You do not have any disc brake "mounts" on your frame or fork so you can't upgrade even if you wanted to. If you put a front shock on, you could, but thats a whole new ball game and not worth it for your application.

    MEC does have a bike service department, I am sure that a tech will be cool with doing a quick adjustment on your brakes and gears after the first few weeks. If not it would be a low cost adjustment.

    to make the bike "feel right":

    undo the brake lever bolts and move them more vertical or horizontal depending on what feels right for you.

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    Originally posted by Cword
    another handy maintenance source is the Bike Root
    http://bikeroot.ca/

    While you're at MEC check out the LED based lighting.

    Drop by http://bikecalgary.org
    Thanks for those websites! I saw on one of the articles a rechargable LED light and it's at Bowcycle for 189.99. Is it worth buying that or just stick with regular battery-powered LED's?

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    So is it okay to hose the bike down with a pressure washer as long as you degrease and relube the chain afterwards?

    Originally posted by flipstah
    [B]The fact that it does this:
    That's so cool! How much did it set you back? Were you planning on biking from the NE to the U of C or taking the train part way? I'd actually like to bike that but any of the routes I've seen look pretty nasty or unnecessarily long...

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    Originally posted by D'z Nutz

    That's so cool! How much did it set you back? Were you planning on biking from the NE to the U of C or taking the train part way? I'd actually like to bike that but any of the routes I've seen look pretty nasty or unnecessarily long...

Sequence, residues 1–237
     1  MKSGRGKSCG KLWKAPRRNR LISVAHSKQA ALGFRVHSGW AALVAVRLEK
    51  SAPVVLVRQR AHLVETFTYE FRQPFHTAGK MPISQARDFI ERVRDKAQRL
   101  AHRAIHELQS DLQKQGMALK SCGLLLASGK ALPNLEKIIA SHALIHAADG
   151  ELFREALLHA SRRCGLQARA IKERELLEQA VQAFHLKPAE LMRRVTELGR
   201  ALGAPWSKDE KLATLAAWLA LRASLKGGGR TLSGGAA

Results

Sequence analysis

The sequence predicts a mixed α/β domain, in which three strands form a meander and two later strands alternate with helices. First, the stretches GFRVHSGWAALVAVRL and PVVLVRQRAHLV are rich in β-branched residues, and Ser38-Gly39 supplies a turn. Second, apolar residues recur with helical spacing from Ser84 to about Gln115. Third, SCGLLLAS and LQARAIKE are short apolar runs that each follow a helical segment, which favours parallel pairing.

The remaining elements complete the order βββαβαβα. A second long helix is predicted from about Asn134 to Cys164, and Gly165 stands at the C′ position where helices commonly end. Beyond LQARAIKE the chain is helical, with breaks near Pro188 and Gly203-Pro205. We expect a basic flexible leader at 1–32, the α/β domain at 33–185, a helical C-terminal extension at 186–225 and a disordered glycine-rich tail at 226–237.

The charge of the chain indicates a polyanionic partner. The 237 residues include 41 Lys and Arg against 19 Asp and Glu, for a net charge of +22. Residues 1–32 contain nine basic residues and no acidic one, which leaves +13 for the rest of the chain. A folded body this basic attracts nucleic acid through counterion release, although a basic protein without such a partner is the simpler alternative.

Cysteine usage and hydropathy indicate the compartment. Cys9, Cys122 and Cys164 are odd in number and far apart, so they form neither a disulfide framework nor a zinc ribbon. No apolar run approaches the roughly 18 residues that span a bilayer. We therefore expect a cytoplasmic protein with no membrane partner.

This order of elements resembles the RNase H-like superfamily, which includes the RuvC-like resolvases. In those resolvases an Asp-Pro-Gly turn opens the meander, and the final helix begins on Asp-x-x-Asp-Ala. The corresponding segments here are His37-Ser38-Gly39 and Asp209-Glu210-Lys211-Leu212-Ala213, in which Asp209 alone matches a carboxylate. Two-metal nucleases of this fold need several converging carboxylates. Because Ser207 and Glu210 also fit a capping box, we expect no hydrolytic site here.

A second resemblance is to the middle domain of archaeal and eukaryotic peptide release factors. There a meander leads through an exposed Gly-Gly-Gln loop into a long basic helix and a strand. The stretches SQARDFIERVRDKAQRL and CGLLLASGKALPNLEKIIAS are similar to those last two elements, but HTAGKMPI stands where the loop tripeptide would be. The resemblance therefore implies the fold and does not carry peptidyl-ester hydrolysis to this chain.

It cost me the same as a normal mountain bike when you convert it from USD which is actually quite cheaper than ordering it from both Ridley's and Bowcycle. I also didn't have to wait for four weeks.

    I actually biked this morning from the NE but took the train to the U. I still don't know how to get from the NE to the U of C on bike alone.

    When you're free, you can come by and check it out!
    Last edited by flipstah; 05-15-2009 at 10:56 PM.

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    Originally posted by D'z Nutz
    So is it okay to hose the bike down with a pressure washer as long as you degrease and relube the chain afterwards?
    You don't want to pressure wash your bike... There are some parts you really don't want to get water into like the hubs/bearings/shifter assemblies.

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    Where in the NE? I used to bike from 20th and Center St NW to 32nd and 32nd NE and might be able to offer a route.

    I actually biked this morning from the NE but took the train to the U. I still don't know how to get from the NE to the U of C on bike alone.

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    Originally posted by z24_wheels
    Where in the NE? I used to bike from 20th and Center St NW to 32nd and 32nd NE and might be able to offer a route.

    I live in Taradale so I'm pretty close to Westwinds.

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    Originally posted by flipstah
    I actually biked this morning from the NE but took the train to the U. I still don't know how to get from the NE to the U of C on bike alone.
    I think good point to get to is the path by the zoo on Memorial. From there you can get to a lot of places. I think if I can find a way to get from the NE to the zoo/Memorial, I can figure out a way to get to the university:

    - zoo/memorial to downtown,
    - through Eau Claire/Prince's Island heading towards Edworthy,
    - up along bow trail/memorial towards the Children's Hospital

    from there, getting to the university would be pretty easy I think. Now I just need to figure out how to get to the zoo without getting on the c-train, since they're not going to let you take the bike on there during rush hours...